Anaerobic Respiration

ninja icon


•  Anaerobic cell respiration gives a small yield of ATP from glucose

Both anaerobic and aerobic respiration pathways begin with the anaerobic breakdown of glucose in the cytosol by glycolysis

Glycolysis breaks down glucose (6-C) into two molecules of pyruvate (3C), and also produces:

  • Hydrogen carriers (NADH) from an oxidised precursor (NAD+)
  • A small yield of ATP (net gain of 2 molecules)

Overview of Glycolysis

glycolysis summary

Anaerobic Respiration

Anaerobic respiration proceeds in the absence of oxygen and does not result in the production of any further ATP molecules

  • In animals, the pyruvate is converted into lactic acid (or lactate)
  • In plants and yeasts, the pyruvate is converted into ethanol and carbon dioxide 

The purpose of anaerobic respiration is to restore stocks of NAD+ – as this molecule is needed for glycolysis

  • By restoring stocks of NAD+ via anaerobic pathways, the organism can continue to produce ATP via glycolysis

The conversion of pyruvate into lactic acid (animals) or ethanol and CO2 (plants / yeasts) is reversible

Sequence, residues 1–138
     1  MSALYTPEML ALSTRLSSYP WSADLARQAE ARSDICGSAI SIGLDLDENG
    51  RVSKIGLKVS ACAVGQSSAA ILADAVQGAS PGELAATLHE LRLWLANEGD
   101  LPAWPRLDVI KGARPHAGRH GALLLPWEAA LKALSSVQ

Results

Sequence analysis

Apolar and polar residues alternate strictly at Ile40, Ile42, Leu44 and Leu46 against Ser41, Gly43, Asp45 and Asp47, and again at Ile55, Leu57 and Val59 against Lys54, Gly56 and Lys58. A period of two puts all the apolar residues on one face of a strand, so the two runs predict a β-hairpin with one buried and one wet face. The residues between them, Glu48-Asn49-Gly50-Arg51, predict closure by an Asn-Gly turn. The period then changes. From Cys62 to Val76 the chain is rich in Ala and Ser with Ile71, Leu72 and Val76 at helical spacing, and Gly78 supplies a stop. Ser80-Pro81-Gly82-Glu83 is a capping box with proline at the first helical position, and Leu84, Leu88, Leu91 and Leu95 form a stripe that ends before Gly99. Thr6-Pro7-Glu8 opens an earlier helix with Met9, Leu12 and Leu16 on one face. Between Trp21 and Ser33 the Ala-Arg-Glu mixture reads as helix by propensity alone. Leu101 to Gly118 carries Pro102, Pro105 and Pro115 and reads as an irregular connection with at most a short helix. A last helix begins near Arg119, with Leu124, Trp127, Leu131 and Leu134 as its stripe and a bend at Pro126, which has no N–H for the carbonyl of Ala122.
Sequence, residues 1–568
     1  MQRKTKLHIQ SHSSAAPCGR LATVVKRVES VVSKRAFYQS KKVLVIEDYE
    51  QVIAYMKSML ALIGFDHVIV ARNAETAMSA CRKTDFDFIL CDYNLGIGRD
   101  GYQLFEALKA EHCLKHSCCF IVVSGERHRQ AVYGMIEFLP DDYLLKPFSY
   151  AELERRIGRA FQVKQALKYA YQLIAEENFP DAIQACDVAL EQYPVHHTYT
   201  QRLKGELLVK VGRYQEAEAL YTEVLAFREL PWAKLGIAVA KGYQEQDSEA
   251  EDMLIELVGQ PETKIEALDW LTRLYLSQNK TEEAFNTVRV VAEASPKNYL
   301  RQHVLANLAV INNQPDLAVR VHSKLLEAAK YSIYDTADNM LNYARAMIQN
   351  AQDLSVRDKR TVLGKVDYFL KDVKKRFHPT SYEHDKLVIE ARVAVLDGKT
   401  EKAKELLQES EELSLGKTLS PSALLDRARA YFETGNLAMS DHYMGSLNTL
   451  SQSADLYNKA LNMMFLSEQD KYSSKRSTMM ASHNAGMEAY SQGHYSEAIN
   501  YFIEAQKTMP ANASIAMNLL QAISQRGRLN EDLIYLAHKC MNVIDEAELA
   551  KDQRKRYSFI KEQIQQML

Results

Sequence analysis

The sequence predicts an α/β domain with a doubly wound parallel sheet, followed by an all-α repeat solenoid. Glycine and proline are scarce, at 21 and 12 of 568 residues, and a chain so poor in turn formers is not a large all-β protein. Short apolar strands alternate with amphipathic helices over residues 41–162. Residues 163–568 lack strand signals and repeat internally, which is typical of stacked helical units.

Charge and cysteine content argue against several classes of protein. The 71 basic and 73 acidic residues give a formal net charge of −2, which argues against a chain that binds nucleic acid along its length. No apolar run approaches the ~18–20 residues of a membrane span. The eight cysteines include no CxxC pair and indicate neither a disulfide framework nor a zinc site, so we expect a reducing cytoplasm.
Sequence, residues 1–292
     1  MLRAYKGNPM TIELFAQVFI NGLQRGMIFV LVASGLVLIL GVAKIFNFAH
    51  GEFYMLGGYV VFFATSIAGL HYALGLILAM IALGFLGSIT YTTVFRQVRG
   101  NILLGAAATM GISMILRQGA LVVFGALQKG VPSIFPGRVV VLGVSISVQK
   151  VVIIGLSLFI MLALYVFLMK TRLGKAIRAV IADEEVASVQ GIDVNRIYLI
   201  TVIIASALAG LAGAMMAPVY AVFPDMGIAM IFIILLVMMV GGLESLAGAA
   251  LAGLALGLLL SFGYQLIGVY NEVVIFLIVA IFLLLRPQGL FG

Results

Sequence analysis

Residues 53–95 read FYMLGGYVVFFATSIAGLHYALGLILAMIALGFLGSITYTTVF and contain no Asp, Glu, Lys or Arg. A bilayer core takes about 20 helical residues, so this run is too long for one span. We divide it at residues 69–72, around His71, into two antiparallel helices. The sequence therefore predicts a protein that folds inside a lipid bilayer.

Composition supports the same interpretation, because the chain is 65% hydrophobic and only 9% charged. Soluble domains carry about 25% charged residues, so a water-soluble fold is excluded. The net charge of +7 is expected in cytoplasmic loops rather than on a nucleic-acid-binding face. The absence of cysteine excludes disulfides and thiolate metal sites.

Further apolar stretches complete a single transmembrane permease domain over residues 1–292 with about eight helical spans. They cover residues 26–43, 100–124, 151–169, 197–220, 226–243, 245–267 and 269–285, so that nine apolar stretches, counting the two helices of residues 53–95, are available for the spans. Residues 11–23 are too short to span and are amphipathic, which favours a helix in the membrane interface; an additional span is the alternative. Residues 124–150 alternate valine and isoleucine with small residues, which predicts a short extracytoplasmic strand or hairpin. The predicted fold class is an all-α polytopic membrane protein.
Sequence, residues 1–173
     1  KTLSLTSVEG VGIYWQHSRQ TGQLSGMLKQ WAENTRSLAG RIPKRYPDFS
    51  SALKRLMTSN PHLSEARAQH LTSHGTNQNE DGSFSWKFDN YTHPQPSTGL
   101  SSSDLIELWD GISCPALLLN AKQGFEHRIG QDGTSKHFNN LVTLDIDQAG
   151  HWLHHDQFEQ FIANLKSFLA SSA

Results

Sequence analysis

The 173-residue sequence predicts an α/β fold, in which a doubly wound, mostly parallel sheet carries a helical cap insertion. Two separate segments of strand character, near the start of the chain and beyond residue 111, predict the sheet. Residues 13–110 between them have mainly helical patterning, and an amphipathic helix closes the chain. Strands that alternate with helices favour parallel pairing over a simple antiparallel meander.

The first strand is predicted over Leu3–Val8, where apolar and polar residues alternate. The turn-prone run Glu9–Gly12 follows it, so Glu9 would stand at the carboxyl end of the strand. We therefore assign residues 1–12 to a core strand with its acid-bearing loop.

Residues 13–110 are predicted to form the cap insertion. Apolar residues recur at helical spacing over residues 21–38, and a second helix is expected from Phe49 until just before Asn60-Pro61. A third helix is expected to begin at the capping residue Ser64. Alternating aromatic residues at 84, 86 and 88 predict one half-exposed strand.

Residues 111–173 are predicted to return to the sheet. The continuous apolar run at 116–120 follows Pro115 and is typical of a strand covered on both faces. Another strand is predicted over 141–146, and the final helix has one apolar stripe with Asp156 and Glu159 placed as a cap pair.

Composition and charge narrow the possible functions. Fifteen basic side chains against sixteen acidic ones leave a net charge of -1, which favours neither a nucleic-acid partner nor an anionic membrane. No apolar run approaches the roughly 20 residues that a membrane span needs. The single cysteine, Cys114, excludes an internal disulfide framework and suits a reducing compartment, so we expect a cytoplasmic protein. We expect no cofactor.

• Hence, pyruvate levels can be restored once oxygen is present and a greater yield of ATP may be produced aerobically

Summary of Anaerobic Respiration

anaerobic respiration

ninja icon


•  Lactate production in humans when anaerobic respiration is used to maximise the power of muscle contractions

Muscle contractions require the expenditure of high amounts of energy and thus require high levels of ATP

When exercising at high intensity, the cells’ energy demands will exceed what the available levels of O
2 can supply aerobically

  • Hence the body will begin breaking down glucose anaerobically to maximise ATP production

This will result in an increase in the production of lactic acid, which leads to muscle fatigue

  • When the individual stops exercising, oxygen levels will increase and lactate will be converted back to pyruvate

Although carbohydrates, lipids and proteins can all be consumed as energy sources, only carbohydrates will typically undergo anaerobic respiration

The Effect of Exercise Intensity on Carbohydrate Consumption (and Lactate Production)

lactic acid graph

The above graph demonstrates how the conditions of cell respiration change with increasing energy demand

  • At high intensities, the aerobic consumption of fats is decreased while the anaerobic consumption of sugars increases
  • Consequently, lactate levels will increase at higher levels of exercise intensity